LOCAL ACT: The Plainfield Project 

Full Projection: Ben Fagan and the Plainfield Project earn impressive accolades

"Charlietown" from the Fusion 5 demos
Audio File

"By far, I think I'm a much better singer than musician," laughs Ben Fagan, robust frontman with local rock band the Plainfield Project. Last week, the amiable singer/guitarist personally snagged two top spots on City Paper's annual Best of Charleston readers' picks — one for "Best Male Vocalist," and one for "Best Male Musician."

"If the definition of musician has to do with instrumentation, then by no means do I even belong in that category," Fagan says. "My guitar skills are very basic. I don't consider myself one of the best guitar players in town. It's not even close."

Fagan is perhaps best known for his stint on national TV. Two years ago, he spent 33 days filming the CBS reality TV series Pirate Master, and he won the whole thing — cash prize and all. While he may shrug off the excitement and hype of that small-screen adventure, he doesn't cringe at the recent accolades as a local musician and bandleader at all. For the second year in a row (much to the shock of some in the scene), the reggae-tinged groove-rock band won the readers' pick for "Best Local Band" by popular vote. Last year, some considered it a fluke. This year, the band's success appears to be much more tangible and hard-won.

"Winning 'Best Local Band' is great exposure," says lead guitarist/vocalist Carter West. "Last year, we were playing smaller clubs, and we definitely got some flak for it. But we have some really great family and friends who do a lot to come out and support us."

West's bandmates feel the same way. Fagan's pride is especially detectable.

"I do believe that we are one of the best bands in Charleston," Fagan says. "And I will proudly and humbly accept being one of the best vocalists in town. As a songwriter and lyricist, I feel pretty good. I'm a rhythmic singer, and I like to be percussive with the lyrics. But I would rather have had that Best Musician award go to somebody else who deserves it, like our guitar player Carter. He's one of the baddest lead guitar players I've been around. He knows the game.

"You can't get too cocky because there are so many great musicians in this area," Fagan adds. "As a band, we had our fingers crossed. We wanted to get it because this will be a pivotal year for us, in terms of travel and going out independently. Winning 'Best Local Band' certainly helps us get our foot in the door in other places."

The Plainfield Project first came together in 2007 as a casual bar band under the name One Night Stand. Fagan, who still plays in an acoustic duo with his brother Chris as the Fagan Brothers, assembled some like-minded friends to jam and have fun — nothing too serious and ambitious.

"One Night Stand never practiced ever," chuckles Fagan. "We had a whole year's worth of gigs under our belt, but not one practice. We just kind of came together for live gigs and just goofed off. If I didn't know the lyrics, I just free-styled.

West and drummer Daniel Shahid stuck with Fagan as One Night Stand detoured into a more focused musical project. Bassist vocalist Matt Thompson (formerly of Overstood) came onboard last year. He initially joining as a temporary bassist, but he fell into the music and camaraderie so easily, the band asked him to stay permanently. Organist/keyboardist Ross Bogan filled out the current lineup just a few months ago.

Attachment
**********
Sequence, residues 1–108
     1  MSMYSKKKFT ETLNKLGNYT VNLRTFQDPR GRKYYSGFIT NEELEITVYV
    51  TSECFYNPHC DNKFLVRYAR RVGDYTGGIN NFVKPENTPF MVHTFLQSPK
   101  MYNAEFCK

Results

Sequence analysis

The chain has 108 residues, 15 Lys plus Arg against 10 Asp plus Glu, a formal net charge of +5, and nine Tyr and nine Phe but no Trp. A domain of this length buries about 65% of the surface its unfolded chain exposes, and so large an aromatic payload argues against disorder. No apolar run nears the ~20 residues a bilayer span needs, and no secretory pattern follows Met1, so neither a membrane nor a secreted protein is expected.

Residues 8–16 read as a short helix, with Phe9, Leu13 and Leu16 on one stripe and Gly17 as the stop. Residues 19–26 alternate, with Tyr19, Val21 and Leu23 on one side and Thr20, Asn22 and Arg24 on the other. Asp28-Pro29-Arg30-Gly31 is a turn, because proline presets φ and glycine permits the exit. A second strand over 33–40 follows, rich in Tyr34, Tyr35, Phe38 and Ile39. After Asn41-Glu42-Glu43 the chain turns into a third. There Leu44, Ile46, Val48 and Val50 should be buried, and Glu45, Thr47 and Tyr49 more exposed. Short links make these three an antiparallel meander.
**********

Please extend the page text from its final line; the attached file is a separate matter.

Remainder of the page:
"I am getting better as a guitar player, but the band's sound has really improved and become so full," says Fagan. "I can concentrate more on the lyrics and singing than before. The addition of Ross helps give the guitars some room to explore."

As Fagan's songwriting collaborator, West enjoys healthy input with new song arrangements and ideas. His tasteful, dynamic rhythm and lead styles are equally valuable, though, making him a bit of a co-leader.

"Ben and I do a lot to shape the tones and the sounds," West says. "Matt's been a great new bass player. He has some great ideas. And Ross is a little savant — an extremely good piano player. He adds a different element to the band and makes our style a bit broader."

The band recently conducted meetings with a few labels, investors, and studio producers, but decided to step away from them to focus on doing an independent live album this spring.

"I look at our band as more of a live band, more of an improvisational band, and more of a stage band," says West. "Live, we sound a little rougher and organic."

Much of the syncopated approach and rhythmic groove of the band anchors on drummer Daniel Shahid's chops and technique .An energetic and crisp timekeeper, Shahid's style derives a lot from the modern school of Dave Matthews Band's Carter Beauford and 311's Chad Sexton.

"I think my own playing is light years ahead of where I was when we did those first demos," Shahid says. "Playing with Matt has calmed me down a bit. I came from less of a reggae background than Matty or Carter, but they've taught me a lot."

The band has two solid years of gigging and a demo (recorded at the old Fusion Five) under their belts. Now, with the momentum from the recent recognition, Fagan and his bandmates have big plans for 2009. The quintet recently bought an old diesel Bookmobile bus and refurbished it for all the band gear and accommodations.

"We are a live band, and we're going to record our own record during this first phase," says Fagan. "It'll be a big step to promote awareness. The best way to gain a fan-base is to make it as easy as possible for them to hear your music for the first time."

Determined, diligent, and undistracted, the Plainfield Project may or may not be the "best" band in town, but they're certainly one of the most ambitious and focused. Keep your eyes and ears out for more.

Visit www.myspace.com/theplainfieldproject for more info and gig dates.


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